Royal College of Emergency Medicine Provides Safety Toolkit Including Simulation Resource Links

royal college patient safety toolkit healthcare simulation

Published in 2013 this Royal College of Emergency Medicine toolkit, prepared by the Safer Care Committee, is a useful starting point in providing the quality of patient care through the lens of patient safety which includes sections of the utilization of simulation.

What is the Toolkit?

This safety tool kit aims to describe the structures, processes and skills required for a ‘safe’ department. The original concept was that it would enable any Emergency Physician, starting from scratch, to construct a safety framework that contained all the key elements necessary to support the delivery of high quality care whilst at the same time being vigilant to ongoing risks. We acknowledge that in reality the majority of Emergency Departments will already have well established structures for ensuring safe care but it is also probable that not all elements are as effective as they should be; so we hope this toolkit will provide something useful for all.


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Ruth Brown explains how to use the safety toolkit

This toolkit is provided to Fellows as a comprehensive (but not exhaustive) resource for delivering safe care. We know many departments already have really good systems in place, whilst others are still developing them. It is also provided as a resource for senior trainees in thinking about their future role as a consultant. We suggest you could use this resource in a number of different ways:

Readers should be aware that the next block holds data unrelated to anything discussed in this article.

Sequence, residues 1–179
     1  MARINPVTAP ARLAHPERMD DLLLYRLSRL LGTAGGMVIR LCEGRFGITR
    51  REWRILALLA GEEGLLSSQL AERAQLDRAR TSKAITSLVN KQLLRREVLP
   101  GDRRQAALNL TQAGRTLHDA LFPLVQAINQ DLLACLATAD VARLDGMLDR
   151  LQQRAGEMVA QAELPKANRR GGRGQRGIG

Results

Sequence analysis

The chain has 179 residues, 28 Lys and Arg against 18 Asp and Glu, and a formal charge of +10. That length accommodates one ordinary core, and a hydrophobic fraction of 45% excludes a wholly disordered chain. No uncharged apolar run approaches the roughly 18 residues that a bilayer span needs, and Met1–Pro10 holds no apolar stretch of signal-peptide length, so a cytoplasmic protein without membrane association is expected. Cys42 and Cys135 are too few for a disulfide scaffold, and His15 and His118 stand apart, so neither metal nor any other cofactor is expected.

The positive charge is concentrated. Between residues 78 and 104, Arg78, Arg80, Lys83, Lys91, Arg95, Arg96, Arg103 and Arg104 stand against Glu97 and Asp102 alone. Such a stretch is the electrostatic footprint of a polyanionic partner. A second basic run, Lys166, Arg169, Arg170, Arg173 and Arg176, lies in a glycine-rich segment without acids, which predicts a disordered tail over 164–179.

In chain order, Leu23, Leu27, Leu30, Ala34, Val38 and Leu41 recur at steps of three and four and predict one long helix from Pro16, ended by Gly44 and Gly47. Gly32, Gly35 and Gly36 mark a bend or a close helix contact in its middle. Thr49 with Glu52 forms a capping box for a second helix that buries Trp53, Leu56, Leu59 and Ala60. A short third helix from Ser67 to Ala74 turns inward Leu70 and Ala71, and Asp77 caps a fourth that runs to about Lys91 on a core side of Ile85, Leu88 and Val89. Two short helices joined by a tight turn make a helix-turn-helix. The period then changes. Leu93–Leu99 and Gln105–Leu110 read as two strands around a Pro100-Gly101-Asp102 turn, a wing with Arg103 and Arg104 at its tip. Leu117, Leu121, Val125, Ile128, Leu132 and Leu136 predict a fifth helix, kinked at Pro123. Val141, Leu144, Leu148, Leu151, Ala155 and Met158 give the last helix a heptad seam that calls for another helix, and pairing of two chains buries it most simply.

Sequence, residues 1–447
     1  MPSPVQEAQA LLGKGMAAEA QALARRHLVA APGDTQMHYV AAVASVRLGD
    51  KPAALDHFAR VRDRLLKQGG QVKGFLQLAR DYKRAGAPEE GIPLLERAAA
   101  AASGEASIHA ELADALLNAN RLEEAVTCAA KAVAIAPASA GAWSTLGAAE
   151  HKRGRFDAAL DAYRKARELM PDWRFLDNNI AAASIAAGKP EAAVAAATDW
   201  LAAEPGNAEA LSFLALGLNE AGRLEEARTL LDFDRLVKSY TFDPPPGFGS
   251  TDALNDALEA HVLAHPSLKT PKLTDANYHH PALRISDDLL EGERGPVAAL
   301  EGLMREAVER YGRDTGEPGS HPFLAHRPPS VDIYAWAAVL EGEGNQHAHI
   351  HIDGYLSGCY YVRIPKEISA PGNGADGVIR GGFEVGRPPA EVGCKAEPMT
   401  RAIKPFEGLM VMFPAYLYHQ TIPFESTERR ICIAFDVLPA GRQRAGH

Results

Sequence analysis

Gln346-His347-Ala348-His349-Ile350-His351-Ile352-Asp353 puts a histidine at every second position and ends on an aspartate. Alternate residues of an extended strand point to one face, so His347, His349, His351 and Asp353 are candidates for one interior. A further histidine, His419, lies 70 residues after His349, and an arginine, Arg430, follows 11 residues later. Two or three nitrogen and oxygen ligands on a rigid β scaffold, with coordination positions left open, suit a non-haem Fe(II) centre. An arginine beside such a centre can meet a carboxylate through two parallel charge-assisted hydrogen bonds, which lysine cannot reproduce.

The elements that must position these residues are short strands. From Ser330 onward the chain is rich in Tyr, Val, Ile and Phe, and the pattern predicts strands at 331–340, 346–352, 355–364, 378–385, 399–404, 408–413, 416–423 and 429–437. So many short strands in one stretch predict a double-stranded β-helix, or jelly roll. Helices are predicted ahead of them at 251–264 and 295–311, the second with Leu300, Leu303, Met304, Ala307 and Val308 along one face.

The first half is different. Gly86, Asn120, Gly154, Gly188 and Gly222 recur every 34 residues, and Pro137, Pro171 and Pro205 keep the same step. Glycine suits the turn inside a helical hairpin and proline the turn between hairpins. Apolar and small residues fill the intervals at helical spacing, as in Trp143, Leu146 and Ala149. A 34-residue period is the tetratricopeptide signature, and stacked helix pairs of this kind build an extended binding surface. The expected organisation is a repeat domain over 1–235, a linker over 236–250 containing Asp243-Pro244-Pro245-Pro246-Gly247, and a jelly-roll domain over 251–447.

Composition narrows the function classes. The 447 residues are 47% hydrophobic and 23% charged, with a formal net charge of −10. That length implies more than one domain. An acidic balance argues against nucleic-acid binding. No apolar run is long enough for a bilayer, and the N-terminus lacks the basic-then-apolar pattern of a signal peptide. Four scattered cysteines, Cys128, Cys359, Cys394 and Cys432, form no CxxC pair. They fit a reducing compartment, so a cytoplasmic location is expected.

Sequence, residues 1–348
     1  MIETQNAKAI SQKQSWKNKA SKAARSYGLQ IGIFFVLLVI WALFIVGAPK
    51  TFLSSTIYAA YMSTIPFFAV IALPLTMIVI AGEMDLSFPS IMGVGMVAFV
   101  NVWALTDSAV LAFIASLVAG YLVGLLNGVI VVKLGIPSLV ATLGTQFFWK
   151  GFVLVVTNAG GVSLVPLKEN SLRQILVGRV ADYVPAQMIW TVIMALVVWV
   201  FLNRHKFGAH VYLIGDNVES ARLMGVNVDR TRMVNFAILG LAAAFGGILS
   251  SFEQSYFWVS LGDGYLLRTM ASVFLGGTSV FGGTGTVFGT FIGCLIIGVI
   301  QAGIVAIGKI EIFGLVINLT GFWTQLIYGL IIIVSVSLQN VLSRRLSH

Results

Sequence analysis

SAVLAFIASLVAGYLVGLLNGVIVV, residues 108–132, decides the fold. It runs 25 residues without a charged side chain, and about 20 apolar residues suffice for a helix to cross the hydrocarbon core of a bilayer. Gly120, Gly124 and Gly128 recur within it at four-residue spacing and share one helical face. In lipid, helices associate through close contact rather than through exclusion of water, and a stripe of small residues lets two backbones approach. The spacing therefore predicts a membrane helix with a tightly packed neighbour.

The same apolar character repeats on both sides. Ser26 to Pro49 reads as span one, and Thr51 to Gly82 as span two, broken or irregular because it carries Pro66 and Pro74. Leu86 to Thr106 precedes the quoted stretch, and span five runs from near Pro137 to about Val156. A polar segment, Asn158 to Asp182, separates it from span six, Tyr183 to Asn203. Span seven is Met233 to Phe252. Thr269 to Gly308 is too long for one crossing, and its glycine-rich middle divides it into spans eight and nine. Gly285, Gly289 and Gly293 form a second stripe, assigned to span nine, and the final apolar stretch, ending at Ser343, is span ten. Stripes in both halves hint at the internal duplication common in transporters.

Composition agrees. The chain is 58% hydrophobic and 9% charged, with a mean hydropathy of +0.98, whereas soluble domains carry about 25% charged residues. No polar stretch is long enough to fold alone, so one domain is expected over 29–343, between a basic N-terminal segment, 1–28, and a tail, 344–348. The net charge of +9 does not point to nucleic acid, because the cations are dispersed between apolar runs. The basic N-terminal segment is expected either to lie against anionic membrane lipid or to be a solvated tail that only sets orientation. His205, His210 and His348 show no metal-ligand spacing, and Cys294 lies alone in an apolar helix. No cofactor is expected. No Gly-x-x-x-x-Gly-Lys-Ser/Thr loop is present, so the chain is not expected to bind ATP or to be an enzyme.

1. In your local departmental meetings – Ensuring that safety is considered in the meeting or by having specific safety meetings. We have included suggested agendas for such meetings in our toolkit section Departmental Activity Resources.’
  2. Working through the toolkit – You could take a section at a time, say over a year, and review the resources as a team, perhaps as a consultant CPD session or by asking an StR to present a summary. This embeds the content in everyone’s psyche and lends an importance to it.
  3. By discussing key topics with your managers and ensuring that all business plans and service developments are prepared using the toolkit as a resource for your document.
  4. Modeling your in –house education using the resources or accessing your Trust quality and safety team to deliver the education with you – they can add a dimension to the clinical content by talking about real cases from a risk perspective.
  5. One of the key chapters is Supporting the Second Victim. This is a relatively new concept and is particularly welcomed by staff. This might be the first section of the toolkit you review together as it will engage staff very early on.

Read the full resource with links here


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